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This vignette demonstrates analytic methods for determining relatedness in a pedigree. The relatedness coefficient is a measure of the genetic overlap between two individuals. In the simplest terms, it quantifies the genetic overlap between two individuals. The relatedness coefficient ranges from 0 to 1, with 1 indicating a perfect genetic match (which occurs when comparing an individual to themselves, their identical twin, or their clone), whereas 0 indicates no genetic overlap. We introduce two functions: calculateRelatedness and inferRelatedness, which allow users to compute and infer the relatedness coefficient, respectively.

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Calculating Relatedness Coefficient

The calculateRelatedness function offers a method to compute the relatedness coefficient based on shared ancestry, as described by Wright (1922). This function utilizes the formula:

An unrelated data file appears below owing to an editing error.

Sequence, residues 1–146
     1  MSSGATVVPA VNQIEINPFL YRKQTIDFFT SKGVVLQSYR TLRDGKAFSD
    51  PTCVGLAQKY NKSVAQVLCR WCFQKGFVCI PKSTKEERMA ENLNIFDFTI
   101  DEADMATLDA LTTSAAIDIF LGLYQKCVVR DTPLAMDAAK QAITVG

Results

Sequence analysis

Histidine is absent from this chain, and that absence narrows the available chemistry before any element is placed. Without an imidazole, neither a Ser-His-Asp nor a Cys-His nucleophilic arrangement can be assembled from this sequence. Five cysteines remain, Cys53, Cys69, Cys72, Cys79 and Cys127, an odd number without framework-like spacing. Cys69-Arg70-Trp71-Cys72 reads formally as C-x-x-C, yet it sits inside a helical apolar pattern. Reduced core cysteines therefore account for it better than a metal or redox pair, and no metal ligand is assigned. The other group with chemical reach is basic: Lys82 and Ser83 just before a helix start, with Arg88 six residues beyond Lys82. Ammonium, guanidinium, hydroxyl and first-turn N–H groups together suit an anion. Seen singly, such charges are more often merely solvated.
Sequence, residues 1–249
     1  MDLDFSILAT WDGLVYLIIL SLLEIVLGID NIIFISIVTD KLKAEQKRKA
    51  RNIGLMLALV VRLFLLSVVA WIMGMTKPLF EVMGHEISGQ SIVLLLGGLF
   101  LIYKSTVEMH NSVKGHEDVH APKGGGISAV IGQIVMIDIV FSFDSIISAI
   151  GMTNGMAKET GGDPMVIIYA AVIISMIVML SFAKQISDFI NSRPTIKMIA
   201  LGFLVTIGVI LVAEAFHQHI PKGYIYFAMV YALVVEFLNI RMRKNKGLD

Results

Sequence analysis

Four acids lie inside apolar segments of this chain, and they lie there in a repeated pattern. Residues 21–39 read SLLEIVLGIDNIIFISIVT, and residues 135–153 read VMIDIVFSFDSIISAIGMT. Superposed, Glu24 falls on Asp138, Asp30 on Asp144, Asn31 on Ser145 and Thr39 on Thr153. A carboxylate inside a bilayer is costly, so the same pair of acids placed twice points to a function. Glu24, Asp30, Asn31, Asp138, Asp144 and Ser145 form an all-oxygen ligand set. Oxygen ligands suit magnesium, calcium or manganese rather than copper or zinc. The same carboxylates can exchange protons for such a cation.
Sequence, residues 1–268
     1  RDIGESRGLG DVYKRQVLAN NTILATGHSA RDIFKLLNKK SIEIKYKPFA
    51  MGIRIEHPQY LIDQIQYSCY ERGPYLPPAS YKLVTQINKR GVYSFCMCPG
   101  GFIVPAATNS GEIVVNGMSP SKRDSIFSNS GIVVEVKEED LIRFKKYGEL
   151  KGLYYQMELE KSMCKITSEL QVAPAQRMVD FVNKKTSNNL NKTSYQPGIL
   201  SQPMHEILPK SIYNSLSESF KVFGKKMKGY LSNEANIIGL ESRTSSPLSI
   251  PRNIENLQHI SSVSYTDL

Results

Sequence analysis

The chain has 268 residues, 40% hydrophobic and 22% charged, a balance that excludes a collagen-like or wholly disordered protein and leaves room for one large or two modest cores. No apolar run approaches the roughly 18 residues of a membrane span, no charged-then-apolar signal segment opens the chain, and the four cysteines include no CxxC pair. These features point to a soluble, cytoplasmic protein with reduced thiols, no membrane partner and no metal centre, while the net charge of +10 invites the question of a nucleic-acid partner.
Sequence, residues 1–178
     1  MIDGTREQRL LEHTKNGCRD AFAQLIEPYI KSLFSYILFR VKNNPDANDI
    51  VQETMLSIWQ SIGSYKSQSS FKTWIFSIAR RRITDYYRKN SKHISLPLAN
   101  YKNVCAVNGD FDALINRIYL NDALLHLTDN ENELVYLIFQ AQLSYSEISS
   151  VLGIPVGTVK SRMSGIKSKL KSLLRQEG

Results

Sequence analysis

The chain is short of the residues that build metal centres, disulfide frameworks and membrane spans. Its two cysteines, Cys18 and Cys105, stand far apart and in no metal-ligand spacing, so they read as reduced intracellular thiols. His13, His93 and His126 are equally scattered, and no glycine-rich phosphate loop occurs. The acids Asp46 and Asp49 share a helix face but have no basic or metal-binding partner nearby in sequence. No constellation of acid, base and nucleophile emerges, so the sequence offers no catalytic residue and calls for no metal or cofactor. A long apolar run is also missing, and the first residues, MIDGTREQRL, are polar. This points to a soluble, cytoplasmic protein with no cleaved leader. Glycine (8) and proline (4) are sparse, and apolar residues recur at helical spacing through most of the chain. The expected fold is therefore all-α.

\[ r_{bc} = \sum \left(\frac{1}{2}\right)^{n+n'+1} (1+f_a) \]

Where \(n\) and \(n'\) represent the number of generations back of common ancestors the pair share.

# Example usage:
# For full siblings, the relatedness coefficient is expected to be 0.5:
calculateRelatedness(generations = 1, full = TRUE)
#> [1] 0.5
# For half siblings, the relatedness coefficient is expected to be 0.25:
calculateRelatedness(generations = 1, full = FALSE)
#> [1] 0.25

Inferring Relatedness Coefficient

The inferRelatedness function is designed to infer the relatedness coefficient between two groups based on the observed correlation between their additive genetic variance and shared environmental variance. This function leverages the ACE framework.

# Example usage:
# Infer the relatedness coefficient:
inferRelatedness(obsR = 0.5, aceA = 0.9, aceC = 0, sharedC = 0)
#> [1] 0.5555556